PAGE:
In Wales, no such institution has ever achieved that degree of influence. In fact the one institution that is capable of developing and promoting the idea that there is such a thing as society and that citizenship is something more than consumerism is only 16 years old. It still seems uncertain of itself and still operates within very confined limits. We shall see whether the Wales Bill, when enacted, will give the elected representatives the confidence needed to win the argument for social democracy not just within the Chamber but among the Welsh public. At the moment, it does not look like doing so, since it is largely reactive to what happens in Westminster. It is the market-driven society that holds sway here because of the political and economic power that England can draw on.

    Finally, to return to Steve Brooks original point, the Labour Party needs to forget about drawing up a message that will appeal to both Scots and Middle England. Labour needs to win in England and it needs to adopt the policies and strategies that will make that happen. The question for Labour in Wales is, is it capable of forging a politics in Wales that is not dependent on a Labour victory in England for its success but can be the vehicle for a social democracy that will appeal to Welsh voters because it can be actually be delivered from its base in Cardiff Bay?

  5. It may be that Labour have paid the price of being Tweedledum to the Conservatives Tweedledee for too long. This approach may have worked in the binary situation that has existed in Westmnster since 1945. In this year’s general election, the electorate may well have felt that they had had enough of all that cosiness, and after trying coalition, by denying both parties a majority in 2010, may have decided that they needed a clear winner. A consumerist approach, and won, of course, by an advertising consultant with vast financial resources. Policy did not, necessarily, apply.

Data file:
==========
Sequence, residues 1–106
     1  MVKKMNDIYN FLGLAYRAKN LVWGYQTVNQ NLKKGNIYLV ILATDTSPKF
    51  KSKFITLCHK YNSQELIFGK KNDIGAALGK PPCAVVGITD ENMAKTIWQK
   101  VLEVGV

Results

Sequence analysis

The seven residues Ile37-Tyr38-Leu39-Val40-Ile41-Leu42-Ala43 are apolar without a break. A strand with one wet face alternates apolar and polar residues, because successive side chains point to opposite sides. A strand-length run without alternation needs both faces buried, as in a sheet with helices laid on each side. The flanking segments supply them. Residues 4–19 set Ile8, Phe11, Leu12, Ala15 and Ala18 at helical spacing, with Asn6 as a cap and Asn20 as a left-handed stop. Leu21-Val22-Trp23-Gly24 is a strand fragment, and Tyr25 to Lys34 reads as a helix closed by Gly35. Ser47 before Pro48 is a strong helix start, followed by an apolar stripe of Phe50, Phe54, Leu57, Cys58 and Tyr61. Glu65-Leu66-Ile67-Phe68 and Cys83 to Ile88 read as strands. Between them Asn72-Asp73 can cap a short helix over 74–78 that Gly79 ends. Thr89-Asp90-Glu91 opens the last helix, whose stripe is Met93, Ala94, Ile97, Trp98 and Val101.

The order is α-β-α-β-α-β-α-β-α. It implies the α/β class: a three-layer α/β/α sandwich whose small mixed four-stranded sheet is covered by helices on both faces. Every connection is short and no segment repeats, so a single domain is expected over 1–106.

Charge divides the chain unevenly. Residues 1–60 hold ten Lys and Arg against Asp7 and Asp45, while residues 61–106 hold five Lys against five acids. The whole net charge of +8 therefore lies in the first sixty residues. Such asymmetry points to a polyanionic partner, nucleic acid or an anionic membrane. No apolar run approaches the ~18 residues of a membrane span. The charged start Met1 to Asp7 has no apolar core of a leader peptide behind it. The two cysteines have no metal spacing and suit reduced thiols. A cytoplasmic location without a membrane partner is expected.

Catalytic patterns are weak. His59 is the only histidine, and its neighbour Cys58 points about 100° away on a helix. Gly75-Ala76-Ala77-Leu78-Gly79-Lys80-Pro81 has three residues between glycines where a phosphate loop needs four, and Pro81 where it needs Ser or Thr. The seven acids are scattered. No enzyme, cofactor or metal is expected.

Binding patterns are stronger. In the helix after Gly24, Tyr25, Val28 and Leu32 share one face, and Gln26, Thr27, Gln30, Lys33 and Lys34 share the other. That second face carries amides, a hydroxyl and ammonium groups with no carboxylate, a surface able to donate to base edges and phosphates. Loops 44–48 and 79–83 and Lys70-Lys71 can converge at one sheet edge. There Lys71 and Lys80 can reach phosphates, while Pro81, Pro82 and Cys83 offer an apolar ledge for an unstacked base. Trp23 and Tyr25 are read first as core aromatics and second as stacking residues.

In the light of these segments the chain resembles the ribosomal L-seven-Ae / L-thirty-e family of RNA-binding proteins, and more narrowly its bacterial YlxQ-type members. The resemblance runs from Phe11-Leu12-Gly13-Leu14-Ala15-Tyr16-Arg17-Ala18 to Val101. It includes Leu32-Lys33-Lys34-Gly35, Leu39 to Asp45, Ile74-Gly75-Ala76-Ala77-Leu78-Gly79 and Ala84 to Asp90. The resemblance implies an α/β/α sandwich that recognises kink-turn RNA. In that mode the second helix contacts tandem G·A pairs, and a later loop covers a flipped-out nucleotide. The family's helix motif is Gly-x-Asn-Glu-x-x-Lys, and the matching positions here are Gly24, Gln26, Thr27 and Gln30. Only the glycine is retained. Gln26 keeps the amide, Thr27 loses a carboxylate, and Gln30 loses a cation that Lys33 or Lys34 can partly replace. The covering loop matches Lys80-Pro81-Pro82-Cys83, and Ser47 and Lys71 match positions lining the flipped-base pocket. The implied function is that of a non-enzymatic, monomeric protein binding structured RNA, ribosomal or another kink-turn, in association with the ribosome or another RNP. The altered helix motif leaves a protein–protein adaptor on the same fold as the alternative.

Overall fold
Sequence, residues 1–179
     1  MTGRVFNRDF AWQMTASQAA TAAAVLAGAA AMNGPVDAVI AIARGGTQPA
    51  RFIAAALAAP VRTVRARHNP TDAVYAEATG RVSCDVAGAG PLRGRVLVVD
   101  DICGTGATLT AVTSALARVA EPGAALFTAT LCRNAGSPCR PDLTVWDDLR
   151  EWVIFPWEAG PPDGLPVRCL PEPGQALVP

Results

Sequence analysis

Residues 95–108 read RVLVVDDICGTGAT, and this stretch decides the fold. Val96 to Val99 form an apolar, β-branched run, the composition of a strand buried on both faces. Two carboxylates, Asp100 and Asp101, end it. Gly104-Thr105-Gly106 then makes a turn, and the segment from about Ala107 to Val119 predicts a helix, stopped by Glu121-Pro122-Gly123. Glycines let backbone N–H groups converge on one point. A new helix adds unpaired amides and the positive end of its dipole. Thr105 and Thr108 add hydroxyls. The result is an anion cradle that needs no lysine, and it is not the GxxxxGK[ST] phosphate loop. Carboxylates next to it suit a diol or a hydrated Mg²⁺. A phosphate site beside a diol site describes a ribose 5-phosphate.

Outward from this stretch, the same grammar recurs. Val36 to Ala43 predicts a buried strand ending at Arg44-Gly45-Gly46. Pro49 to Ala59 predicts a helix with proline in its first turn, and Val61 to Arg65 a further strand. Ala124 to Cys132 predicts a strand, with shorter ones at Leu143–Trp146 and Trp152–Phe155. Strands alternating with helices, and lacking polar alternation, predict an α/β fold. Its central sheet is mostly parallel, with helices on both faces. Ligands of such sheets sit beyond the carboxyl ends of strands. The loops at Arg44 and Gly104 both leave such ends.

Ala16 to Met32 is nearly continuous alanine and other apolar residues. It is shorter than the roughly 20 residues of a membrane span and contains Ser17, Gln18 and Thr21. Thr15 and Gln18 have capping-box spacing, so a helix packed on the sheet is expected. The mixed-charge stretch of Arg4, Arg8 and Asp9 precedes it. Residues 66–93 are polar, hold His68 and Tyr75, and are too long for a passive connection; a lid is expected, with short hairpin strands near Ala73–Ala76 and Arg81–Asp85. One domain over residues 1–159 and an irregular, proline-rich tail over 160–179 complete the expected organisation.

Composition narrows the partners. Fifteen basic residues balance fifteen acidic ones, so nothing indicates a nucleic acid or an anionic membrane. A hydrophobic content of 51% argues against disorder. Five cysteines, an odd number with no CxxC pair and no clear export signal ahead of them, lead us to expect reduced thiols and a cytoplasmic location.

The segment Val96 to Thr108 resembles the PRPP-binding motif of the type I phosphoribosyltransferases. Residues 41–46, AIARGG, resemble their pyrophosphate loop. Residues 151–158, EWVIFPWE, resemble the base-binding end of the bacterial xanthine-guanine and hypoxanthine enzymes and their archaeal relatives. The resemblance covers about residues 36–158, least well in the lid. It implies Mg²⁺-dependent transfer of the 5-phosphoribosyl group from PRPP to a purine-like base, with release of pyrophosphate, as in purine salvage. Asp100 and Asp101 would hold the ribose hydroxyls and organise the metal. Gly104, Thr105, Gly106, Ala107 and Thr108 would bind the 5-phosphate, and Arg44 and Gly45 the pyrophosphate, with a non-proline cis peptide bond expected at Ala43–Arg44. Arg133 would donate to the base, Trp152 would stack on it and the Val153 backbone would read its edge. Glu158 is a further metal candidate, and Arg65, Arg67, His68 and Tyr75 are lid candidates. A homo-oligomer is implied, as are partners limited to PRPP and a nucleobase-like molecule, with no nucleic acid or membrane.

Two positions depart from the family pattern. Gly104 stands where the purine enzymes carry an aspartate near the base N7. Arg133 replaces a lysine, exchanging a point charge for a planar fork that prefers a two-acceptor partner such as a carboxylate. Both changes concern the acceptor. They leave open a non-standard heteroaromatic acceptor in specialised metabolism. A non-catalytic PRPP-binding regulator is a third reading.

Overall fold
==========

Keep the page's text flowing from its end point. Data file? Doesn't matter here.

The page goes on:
Defining yourself against ‘them’ will always strengthen ‘their’ position, which will intensify the discipline and tactical policy distortion called for, for you to win, and consequently strengthen ‘their ‘ position and so it goes on and on until the disintegration of the weaker of the two – which we may have seen this month, as Jon Cruddas suggests.

    Trying to make a binary ‘us and them’ in the Assembly has not worked. Managerial effectiveness is not political policy. Elections are a part of democracy – but only a part. The arguments (and therefore engagement) must be made continuously.

    A party may be in a minority but that does not make it wrong. Omo does not necessarily wash the whitest.

  6. If we’re not ‘real’ Labour, then what’s the point?

    Think about it; what was it that made you become a Labour supporter? For me, it was the ever-growing awareness of the injustices of our society- the gross inequality, poverty, hardship, deprivation and insecurity experienced by so many, whilst a small minority grow ever-richer, by exploiting the rest of us. The fierce desire to see a fairer, happier and altogether better society is what led me to the only place where this dream has a chance of becoming reality- the Labour Party. Isn’t that what brought you here?